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  • Deric Hollings

The Is-Ought Problem


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Scottish Enlightenment philosopher David Hume is credited with having proposed the is-ought problem, also referred to as the is-ought gap, Hume’s law, and Hume’s guillotine. His formula addresses moral or values-based judgements contrasted with non-moral or facts-based observations.

Considering this matter, one source poses the question, “How do descriptive statements (an ‘is’ statement) so quickly turn into prescriptive statements (a ‘should’ statement)?” In a blog entry entitled Description vs. Prescription, I address the difference between descriptive and descriptive statements.

Practicing Rational Emotive Behavior Therapy (REBT), I assist clients with understanding how their should, must, and ought-type statements often serve as self-disturbing prescriptions of the world. We cannot use moral justification for behavior based on facts about the world.

For example, it’s a fact that everyone you’ve ever known, currently know, and ever will know will die. However, simply because you don’t want this to happen, it would be irrational to state that no one should, must, or ought to die. Life and death is as it is, not as you think it ought to be.

As one source claims, “[T]here is no theoretical connection between facts about the world and ethical facts.” We may wish that death weren’t real, prefer that one would ever die, or like it better if our loved ones could live longer. However, we cannot command reality with our desires.

Though we may think otherwise, one source accurately states “it is not obvious how one can coherently move from descriptive statements to prescriptive ones.” Still, this doesn’t stop many people from violating Hume’s principle.

As an example, one can describe how supposed “extreme conservatives” apparently behave, though one cannot accurately prescribe that others “should take that very, very seriously.” It’s unreasonable to demand that everyone share the same moral or ethical perspectives.

Hume cautioned that “reason alone can never be a motive to any action of the will’ and that by itself it can never oppose a passion in the direction of the will.” We simply cannot use moralistic reasoning to impose our will upon others.

As an example, suppose I make the declaration that no one should use hate speech, because I subjectively believe it’s a moral bad to do so. I could use a reasonable argument to justify what I think ought not to be.

One source states, “[H]ate speech is any form of expression through which speakers intend to vilify, humiliate, or incite hatred against a group or a class of persons on the basis of race, religion, skin color sexual identity, gender identity, ethnicity, disability, or national origin.”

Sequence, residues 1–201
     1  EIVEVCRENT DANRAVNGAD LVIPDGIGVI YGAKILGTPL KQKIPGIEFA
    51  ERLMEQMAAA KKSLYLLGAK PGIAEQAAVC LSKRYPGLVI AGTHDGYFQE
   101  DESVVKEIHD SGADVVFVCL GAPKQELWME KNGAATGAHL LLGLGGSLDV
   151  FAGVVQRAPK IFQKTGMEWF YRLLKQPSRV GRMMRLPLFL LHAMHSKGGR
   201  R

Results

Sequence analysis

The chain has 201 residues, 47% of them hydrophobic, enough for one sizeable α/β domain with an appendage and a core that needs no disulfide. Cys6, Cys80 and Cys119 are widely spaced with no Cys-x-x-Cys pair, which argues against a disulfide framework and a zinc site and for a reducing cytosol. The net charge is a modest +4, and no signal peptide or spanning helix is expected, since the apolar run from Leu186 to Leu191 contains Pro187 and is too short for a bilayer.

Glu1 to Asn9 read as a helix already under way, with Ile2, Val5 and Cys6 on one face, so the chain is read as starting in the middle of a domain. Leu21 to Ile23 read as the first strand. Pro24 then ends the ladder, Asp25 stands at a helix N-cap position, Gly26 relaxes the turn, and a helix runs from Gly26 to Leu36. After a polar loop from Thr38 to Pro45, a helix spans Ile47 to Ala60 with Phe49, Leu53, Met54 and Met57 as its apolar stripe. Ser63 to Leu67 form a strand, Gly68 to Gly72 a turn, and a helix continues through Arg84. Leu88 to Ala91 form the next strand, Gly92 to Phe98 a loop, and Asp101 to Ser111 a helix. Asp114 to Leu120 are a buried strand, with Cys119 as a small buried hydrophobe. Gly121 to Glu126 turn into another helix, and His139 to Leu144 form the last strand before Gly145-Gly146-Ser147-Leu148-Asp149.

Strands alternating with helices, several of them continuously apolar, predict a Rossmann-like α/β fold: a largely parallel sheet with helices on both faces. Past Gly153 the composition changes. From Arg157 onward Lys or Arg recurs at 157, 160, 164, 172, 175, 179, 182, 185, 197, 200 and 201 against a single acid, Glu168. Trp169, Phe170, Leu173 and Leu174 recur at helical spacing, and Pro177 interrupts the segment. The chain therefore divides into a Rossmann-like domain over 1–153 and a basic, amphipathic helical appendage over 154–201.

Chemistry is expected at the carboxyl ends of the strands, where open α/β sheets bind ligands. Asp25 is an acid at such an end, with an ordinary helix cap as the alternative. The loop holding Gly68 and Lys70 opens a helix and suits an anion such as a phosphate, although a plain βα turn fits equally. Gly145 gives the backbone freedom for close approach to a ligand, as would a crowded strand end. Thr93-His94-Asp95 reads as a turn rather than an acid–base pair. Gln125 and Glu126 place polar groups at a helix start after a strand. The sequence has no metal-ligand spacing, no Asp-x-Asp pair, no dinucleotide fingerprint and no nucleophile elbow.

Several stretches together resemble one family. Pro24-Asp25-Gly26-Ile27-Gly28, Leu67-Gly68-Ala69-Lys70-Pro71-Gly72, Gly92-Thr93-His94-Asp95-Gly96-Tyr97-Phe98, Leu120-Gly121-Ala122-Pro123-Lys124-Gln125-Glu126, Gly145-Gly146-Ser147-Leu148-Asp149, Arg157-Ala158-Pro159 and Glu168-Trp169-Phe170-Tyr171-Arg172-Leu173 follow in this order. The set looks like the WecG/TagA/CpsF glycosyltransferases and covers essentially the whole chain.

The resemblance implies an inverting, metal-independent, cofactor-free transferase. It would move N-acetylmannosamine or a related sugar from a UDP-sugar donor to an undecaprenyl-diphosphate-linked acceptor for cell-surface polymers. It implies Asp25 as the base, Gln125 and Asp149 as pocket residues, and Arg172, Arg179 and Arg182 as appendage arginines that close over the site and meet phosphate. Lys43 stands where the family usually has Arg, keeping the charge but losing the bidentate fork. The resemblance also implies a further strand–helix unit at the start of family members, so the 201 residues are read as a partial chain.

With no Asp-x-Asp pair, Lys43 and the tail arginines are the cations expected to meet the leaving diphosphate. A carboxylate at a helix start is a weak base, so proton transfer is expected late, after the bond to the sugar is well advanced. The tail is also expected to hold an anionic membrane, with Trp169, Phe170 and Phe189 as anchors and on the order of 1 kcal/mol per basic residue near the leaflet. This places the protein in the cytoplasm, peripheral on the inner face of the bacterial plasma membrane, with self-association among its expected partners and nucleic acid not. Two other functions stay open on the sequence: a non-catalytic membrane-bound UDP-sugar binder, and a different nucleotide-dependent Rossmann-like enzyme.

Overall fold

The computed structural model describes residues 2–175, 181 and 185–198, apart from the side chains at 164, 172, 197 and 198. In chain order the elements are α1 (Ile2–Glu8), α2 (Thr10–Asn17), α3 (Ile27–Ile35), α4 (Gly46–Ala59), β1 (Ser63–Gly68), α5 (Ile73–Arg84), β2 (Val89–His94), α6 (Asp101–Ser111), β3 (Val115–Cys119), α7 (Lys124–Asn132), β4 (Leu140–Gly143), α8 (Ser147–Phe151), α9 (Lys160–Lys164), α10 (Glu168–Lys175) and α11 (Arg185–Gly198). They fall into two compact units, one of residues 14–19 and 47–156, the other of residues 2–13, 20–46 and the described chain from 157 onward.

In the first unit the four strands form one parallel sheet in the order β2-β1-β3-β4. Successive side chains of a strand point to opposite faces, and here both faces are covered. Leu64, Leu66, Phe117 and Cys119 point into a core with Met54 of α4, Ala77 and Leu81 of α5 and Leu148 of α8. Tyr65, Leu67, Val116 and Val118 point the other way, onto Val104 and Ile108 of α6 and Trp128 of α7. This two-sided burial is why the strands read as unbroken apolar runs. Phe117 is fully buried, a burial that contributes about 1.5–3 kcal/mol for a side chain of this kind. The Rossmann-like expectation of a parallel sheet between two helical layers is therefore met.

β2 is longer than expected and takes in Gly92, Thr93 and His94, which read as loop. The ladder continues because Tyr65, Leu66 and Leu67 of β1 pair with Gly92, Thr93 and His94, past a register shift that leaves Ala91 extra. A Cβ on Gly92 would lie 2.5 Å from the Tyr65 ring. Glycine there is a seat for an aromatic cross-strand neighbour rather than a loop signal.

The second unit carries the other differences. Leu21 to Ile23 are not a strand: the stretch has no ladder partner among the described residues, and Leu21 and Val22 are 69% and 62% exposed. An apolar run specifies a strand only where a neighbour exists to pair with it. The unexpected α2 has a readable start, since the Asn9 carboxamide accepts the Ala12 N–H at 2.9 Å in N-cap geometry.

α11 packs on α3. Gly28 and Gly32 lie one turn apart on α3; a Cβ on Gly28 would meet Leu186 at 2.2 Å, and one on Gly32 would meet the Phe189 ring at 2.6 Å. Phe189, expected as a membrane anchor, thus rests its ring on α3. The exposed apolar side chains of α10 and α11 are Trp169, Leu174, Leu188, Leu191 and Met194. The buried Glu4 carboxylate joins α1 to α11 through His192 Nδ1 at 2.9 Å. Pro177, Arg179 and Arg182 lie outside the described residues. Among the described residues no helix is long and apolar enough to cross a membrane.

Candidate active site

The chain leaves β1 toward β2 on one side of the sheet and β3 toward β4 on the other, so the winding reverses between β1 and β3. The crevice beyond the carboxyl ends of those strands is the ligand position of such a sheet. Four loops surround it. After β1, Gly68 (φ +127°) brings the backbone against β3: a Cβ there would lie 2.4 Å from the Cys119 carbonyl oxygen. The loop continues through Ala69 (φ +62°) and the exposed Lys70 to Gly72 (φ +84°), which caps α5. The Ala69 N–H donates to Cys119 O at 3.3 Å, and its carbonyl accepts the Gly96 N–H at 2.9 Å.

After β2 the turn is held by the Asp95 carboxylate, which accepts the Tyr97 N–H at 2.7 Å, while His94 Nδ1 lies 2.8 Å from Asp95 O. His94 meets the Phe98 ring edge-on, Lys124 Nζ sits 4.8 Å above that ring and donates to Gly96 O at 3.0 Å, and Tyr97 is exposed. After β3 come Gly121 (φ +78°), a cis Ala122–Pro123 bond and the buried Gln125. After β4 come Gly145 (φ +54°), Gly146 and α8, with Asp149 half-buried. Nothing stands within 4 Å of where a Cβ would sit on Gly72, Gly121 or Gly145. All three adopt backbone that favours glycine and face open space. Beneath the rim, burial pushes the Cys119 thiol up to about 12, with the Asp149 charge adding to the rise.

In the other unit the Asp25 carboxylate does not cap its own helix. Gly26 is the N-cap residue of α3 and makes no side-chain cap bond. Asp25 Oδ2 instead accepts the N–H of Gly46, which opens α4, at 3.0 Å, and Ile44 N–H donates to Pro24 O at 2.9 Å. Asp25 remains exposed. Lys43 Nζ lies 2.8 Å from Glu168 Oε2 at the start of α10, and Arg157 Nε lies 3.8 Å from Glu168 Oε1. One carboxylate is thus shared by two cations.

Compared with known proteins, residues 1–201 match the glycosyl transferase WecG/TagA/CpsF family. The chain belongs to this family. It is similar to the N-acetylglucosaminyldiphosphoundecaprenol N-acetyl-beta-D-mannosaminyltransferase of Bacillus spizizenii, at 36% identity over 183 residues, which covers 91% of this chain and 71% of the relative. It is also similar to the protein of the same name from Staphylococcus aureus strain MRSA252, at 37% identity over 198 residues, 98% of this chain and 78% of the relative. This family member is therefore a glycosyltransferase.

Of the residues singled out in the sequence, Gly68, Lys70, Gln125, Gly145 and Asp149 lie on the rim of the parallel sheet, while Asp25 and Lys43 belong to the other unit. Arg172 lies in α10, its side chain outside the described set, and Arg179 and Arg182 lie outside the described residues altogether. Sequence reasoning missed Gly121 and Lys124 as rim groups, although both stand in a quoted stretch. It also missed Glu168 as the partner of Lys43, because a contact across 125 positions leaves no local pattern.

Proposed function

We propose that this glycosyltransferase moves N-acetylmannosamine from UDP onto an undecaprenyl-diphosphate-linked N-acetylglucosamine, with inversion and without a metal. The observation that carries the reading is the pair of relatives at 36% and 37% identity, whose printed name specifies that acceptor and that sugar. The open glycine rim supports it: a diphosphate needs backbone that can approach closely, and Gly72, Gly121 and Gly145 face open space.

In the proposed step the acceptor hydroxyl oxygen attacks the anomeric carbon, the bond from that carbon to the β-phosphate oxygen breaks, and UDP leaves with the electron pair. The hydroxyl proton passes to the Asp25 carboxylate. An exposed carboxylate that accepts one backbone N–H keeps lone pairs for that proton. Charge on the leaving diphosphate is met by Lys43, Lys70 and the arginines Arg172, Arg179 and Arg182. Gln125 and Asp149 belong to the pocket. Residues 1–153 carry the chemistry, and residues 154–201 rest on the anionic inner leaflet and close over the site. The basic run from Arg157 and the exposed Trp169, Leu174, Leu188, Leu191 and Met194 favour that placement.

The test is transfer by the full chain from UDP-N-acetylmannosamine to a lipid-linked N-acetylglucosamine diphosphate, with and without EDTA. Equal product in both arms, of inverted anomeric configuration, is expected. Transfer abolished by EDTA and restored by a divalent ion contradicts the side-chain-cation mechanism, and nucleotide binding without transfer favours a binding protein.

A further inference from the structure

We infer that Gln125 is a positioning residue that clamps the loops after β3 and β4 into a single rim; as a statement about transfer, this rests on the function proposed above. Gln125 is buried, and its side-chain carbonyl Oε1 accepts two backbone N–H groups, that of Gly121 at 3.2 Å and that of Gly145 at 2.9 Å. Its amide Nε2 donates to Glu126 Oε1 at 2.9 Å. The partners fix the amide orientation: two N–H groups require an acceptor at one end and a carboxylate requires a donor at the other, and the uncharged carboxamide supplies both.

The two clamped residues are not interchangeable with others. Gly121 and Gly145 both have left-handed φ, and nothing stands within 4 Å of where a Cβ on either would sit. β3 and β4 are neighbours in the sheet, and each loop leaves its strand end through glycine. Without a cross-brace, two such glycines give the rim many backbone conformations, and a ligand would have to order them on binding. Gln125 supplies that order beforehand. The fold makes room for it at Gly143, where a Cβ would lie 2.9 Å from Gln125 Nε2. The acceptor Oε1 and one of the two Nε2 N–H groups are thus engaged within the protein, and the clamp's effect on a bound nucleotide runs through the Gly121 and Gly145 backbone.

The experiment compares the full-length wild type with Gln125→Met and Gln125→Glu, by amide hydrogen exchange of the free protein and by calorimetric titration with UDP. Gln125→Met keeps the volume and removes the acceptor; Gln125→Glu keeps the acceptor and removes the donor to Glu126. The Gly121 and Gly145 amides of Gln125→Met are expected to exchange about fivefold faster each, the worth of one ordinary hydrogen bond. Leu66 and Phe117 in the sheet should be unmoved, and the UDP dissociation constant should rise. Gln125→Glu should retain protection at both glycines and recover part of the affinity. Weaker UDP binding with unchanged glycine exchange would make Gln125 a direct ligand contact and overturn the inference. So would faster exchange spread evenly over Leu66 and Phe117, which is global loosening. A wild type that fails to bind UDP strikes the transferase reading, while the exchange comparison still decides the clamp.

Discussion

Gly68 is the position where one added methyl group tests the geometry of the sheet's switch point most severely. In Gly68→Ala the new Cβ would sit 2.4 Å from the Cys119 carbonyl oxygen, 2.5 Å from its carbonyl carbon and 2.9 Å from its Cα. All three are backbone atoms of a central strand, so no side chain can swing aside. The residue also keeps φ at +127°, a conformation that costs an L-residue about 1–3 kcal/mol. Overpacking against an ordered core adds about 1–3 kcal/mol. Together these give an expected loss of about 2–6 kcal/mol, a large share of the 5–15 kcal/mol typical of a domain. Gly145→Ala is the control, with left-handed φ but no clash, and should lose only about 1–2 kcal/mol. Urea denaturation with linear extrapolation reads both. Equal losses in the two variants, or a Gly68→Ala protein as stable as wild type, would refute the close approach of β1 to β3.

Using the aforementioned definition of hate speech, I may formulate the following logical syllogism:

Premise 1: Anyone who expresses hatred against Jewish people is a bad person.

Premise 2: John Doe expresses hatred against Jewish people.

Conclusion: Therefore, John Doe is a bad person.

My subjective description about who is and isn’t bad may be based on a definition with which others disagree. Nonetheless, I may consider myself a decent person by opposing anti-Semitic speech. I could then develop an additional logical principle:

Premise 1: People ought not to use anti-Semitic hate speech, because it’s harmful to do so.

Premise 2: John Doe uses anti-Semitic hate speech.

Conclusion: Consequently, Joe Doe is harmful.

My logic is sound, though I’ve committed a moralistic fallacy by declaring something “bad” and “harmful.” This relates to the is-ought problem, as I’ve prescribed how others ought to behave based on my subjective and irrational demands.

I may be emphatically opposed to anti-Semitic or hateful speech, though I cannot rigidly demand others to accept my premises or cater to my stipulations—at least not in the United States. I have no right to infringe upon another person’s right to free speech simply because I don’t like what’s being said.

I consider Hume’s is-ought problem a valuable tool when helping clients to understand what drives their behavior. Perhaps you, too, will find this philosophical device useful.

If you’re looking for a provider who works to help you understand how thinking impacts physical, mental, emotional, and behavioral elements of your life—demonstrating how illogical and irrational thinking may not serve you well—I invite you to reach out today by using the contact widget on my website.

As a psychotherapist, I’m pleased to help people with an assortment of issues ranging from anger (hostility, rage, and aggression) to relational issues, adjustment matters, trauma experience, justice involvement, attention-deficit hyperactivity disorder, anxiety and depression, and other mood or personality-related matters.

At Hollings Therapy, LLC, serving all of Texas, I aim to treat clients with dignity and respect while offering a multi-lensed approach to the practice of psychotherapy and life coaching. My mission includes: Prioritizing the cognitive and emotive needs of clients, an overall reduction in client suffering, and supporting sustainable growth for the clients I serve. Rather than simply helping you to feel better, I want to help you get better!

Deric Hollings, LPC, LCSW


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